This figure shows the various astronomic cycles that influence long-term global climate cycles (Milankovitch cycles), plotted on the same time scale for easy comparison.

This activity includes a set of slides with embedded images, animations, and interactives that students use to investigate extreme weather events. This is module 8 of a Satellite Meteorology course.

This activity engages learners in examining data pertaining to the disappearing glaciers in Glacier National Park. After calculating percentage change of the number of glaciers from 1850 (150) to 1968 (50) and 2009 (26), students move on to the main glacier-monitoring content of the module--area vs. time data for the Grinnell Glacier, one of 26 glaciers that remain in the park. Using a second-order polynomial (quadratic function) fitted to the data, they extrapolate to estimate when there will be no Grinnell Glacier remaining (illustrating the relevance of the question mark in the title of the module).

A simple click-through animation from Scripps Institute's Earthguide program breaks the complex topic of the global energy balance into separate concepts. Slides describe the different pathways for incoming and outgoing radiation.

This interactive tool allows viewers to explore, by county, the areas of California threatened by a rise in sea level through this century.

This activity is part of the Antarctica's Climate Secrets flexhibit. Students learn about and create models of glaciers and ice sheets, ice shelves, icebergs and sea ice.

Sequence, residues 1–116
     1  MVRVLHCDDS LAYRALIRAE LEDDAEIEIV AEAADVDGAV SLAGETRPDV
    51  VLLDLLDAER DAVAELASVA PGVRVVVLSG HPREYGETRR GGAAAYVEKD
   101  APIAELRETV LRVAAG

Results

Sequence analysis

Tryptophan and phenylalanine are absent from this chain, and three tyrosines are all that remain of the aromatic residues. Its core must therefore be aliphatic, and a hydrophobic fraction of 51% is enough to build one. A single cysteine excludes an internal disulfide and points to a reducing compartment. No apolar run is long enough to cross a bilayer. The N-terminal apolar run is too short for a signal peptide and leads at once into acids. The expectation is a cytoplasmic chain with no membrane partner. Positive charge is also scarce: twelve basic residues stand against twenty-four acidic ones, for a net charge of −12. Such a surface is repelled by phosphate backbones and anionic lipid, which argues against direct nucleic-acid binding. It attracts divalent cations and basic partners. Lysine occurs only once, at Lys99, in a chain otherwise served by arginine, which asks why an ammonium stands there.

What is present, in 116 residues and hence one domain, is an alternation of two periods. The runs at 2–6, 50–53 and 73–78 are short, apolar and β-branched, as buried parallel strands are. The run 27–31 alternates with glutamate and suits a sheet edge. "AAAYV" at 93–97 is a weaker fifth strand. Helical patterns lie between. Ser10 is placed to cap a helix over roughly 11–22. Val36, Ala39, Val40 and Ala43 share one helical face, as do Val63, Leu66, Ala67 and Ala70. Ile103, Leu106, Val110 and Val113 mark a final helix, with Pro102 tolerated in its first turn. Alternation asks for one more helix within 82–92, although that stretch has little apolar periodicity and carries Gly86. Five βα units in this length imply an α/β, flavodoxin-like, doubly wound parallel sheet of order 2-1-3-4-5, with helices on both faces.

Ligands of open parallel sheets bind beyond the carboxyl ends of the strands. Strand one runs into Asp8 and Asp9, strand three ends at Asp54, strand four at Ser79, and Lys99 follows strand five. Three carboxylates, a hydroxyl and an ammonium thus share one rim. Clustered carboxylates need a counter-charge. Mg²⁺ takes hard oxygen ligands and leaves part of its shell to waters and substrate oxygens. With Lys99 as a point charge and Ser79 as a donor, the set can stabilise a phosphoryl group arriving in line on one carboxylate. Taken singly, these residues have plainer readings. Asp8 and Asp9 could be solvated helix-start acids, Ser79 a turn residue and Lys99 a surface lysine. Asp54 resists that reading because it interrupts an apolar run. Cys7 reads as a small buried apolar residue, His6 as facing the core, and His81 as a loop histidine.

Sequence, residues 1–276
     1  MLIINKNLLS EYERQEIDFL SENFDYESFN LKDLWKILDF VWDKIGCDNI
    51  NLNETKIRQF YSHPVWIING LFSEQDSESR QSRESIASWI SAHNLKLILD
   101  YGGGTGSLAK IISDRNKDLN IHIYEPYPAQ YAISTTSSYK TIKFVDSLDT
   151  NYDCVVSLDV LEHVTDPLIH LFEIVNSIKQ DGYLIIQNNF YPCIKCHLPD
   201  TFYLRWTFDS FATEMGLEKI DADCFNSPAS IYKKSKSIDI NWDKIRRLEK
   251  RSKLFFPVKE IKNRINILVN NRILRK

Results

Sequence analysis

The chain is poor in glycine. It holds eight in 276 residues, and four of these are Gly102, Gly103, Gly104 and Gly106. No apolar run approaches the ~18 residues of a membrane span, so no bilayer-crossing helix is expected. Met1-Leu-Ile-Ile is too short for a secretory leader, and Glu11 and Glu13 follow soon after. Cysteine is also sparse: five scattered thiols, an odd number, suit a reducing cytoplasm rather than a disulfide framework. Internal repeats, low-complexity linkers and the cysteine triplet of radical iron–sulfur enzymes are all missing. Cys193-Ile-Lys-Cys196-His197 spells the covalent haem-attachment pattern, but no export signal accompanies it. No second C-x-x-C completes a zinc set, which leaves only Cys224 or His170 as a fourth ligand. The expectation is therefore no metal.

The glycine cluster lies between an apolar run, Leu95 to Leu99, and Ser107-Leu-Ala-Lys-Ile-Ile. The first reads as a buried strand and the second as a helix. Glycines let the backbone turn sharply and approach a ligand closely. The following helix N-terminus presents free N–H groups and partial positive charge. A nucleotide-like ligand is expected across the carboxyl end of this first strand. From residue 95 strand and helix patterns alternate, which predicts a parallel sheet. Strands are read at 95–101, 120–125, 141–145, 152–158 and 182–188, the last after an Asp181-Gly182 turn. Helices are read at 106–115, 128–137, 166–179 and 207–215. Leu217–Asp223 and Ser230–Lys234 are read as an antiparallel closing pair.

This teaching activity is an introduction to how ice cores from the cryosphere are used as indicators and record-keepers of climate change as well as how climate change will affect the cryosphere.

This visualization explains in simple and easy-to-understand visuals the causes of sea-level change.

This video discusses how methane digesters turn waste from dairy cows, food garbage, and other organic matter into usable gases and other fuels.

In this role-play activity, students take the roles of various important players in the climate change policy debate including politicians, scientists, environmentalists, and industry representatives. Working in these roles, students must take a position, debate with others, and then vote on legislation designed to reduce greenhouse gas emissions in the United States. Can be used in a variety of courses including writing and rhetoric, and social sciences.

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